Case of the Day: Clint Eastwood v. Mediatonas UAB

Clint Eastwood

The case of the day is Clint Eastwood v. Mediatonas UAB (C.D. Cal. 2021). Clint Eastwood accused the defendant, Mediatonas, a Lithuanian company, of using his name and likeness to promote and sell cannabidiol products. He sought leave to serve Mediatonas with process by email. I was alerted to the case by a colleague who was unhappy with the ruling. After all, Lithuania, a party to the Service Convention, has objected to service by postal channels (and indeed, to any method of service under Article 10 of the Convention), and thus there is no provision of the Convention that authorizes or at least permits service by email. Since the Convention is exclusive, the decision is clearly wrong. Grr!

That is all 100% correct. I’ve probably written dozens of posts that make just this point. However, look at things from Clint Eastwood’s lawyer’s perspective. There are a ton of cases (okay, district court cases) that say that service by email in these circumstances is permissible. So who cares if, in the abstract, those cases are wrong? They are precedent. The lawyer’s goal, after all, is to effect service of process quickly and without too much fuss, not to worry about what the law should be in principle. I decline to comment on what advice I have given to lawyers and litigants in this situation!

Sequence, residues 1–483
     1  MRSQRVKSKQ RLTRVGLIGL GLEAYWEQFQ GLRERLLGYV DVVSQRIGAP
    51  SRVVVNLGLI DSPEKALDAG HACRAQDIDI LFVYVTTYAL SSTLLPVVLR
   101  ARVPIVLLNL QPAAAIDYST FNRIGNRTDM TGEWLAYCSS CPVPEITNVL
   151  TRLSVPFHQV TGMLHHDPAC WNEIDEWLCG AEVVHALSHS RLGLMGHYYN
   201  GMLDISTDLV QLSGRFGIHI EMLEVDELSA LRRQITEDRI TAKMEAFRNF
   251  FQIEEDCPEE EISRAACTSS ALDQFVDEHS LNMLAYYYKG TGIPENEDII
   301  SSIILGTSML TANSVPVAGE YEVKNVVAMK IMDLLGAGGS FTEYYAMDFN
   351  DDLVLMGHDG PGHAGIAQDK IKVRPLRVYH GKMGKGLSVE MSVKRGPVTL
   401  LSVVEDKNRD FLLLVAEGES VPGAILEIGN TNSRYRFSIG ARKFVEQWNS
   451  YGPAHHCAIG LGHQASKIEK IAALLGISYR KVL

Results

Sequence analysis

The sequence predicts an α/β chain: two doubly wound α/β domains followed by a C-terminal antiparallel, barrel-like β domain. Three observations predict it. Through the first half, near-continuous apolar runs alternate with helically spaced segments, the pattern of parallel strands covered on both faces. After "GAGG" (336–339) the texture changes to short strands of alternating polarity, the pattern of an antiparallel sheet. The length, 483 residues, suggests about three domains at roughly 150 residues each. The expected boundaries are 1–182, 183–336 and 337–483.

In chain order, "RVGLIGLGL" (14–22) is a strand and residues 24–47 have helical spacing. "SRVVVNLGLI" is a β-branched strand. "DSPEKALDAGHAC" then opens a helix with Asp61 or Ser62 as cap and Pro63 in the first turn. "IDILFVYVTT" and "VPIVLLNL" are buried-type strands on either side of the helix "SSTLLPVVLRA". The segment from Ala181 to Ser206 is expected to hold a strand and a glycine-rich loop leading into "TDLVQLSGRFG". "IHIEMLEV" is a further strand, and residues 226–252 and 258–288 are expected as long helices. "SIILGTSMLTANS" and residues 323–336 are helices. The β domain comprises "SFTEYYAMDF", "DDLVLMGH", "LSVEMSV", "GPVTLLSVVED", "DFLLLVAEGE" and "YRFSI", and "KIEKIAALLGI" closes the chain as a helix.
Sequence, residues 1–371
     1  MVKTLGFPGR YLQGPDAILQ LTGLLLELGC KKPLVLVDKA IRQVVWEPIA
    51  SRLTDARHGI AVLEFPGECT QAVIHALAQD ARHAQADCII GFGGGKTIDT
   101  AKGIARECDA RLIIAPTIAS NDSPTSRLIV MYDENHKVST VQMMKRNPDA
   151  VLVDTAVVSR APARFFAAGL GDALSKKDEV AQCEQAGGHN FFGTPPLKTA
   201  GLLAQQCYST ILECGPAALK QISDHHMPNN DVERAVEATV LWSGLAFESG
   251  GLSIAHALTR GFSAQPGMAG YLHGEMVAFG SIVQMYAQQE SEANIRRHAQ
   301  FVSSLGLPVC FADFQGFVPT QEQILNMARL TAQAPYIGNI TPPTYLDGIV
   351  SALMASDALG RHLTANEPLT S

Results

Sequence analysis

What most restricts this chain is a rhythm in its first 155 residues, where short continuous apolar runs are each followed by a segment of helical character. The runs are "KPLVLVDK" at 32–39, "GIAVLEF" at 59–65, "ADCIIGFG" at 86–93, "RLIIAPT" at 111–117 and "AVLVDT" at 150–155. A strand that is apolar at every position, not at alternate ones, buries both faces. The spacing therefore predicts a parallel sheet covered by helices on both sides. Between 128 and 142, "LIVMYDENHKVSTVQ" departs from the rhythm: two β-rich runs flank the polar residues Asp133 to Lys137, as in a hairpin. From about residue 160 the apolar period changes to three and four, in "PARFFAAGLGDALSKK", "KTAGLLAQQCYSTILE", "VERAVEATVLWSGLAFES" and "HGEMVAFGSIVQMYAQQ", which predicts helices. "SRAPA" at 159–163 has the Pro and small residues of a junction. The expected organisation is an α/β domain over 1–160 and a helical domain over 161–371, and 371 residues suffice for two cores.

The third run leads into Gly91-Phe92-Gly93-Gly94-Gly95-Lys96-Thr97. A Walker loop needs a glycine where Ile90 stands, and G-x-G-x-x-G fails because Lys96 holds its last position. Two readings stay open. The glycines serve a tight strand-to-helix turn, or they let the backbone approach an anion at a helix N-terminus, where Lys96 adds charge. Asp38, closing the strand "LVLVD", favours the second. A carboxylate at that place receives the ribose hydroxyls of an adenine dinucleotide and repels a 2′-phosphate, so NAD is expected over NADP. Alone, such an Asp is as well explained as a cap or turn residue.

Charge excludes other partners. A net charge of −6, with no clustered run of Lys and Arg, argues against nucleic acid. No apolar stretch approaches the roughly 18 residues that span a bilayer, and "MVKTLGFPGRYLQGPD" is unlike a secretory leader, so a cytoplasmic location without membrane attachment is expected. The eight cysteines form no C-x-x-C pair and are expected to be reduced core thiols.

But even the most practical, workaday lawyer also needs to consider the endgame. Is the endgame to collect damages in the United States? Is the endgame to get social media companies or internet service providers in the United States to remove the offending content from their servers? Maybe. But if, on the other hand, the goal is to enforce the judgment abroad, then you have to ask what the foreign court will do when faced with a US judgment based on bad service. The quick and easy path may turn out to be too quick and easy.

2 responses to “Case of the Day: Clint Eastwood v. Mediatonas UAB”

  1. kotodama

    I can’t imagine Clint Eastwood has much need of collecting damages here or abroad, or that this rando Lithuanian company would have much ability to satisfy a big judgment like $6m here.

    As for takedowns on search engines and social media, since all the big players like Google and Facebook are U.S.-based anyway, isn’t a U.S. judgment quite useful on that front? If he can’t do something against rando Lithuanian search engines or social media companies, who are bit players anyway, it doesn’t seem like that big a deal.

    Since this is a TM or at least TM-adjacent claim, I also think you sort of have to be vigilant about pursuing infringers once they come to your attention. Otherwise you may risk vulnerability to some equitable defenses like estoppel, laches, waiver, etc. if you are lax with enforcement on repeated occasions.

    Finally, although I’ll never be in that situation, I imagine that if I were a very rich celebrity and scammers were falsely using my identity to hock their products, I’d be quite furious. And, of course having the funds to do so, I would go after them just on principle, if nothing else.

    PS: According to this article, Eastwood served the defendants by Skype too!

    1. Ted Folkman

      Probably true in this case, but I am making a broader point about how to think about service by alternate means in such cases.

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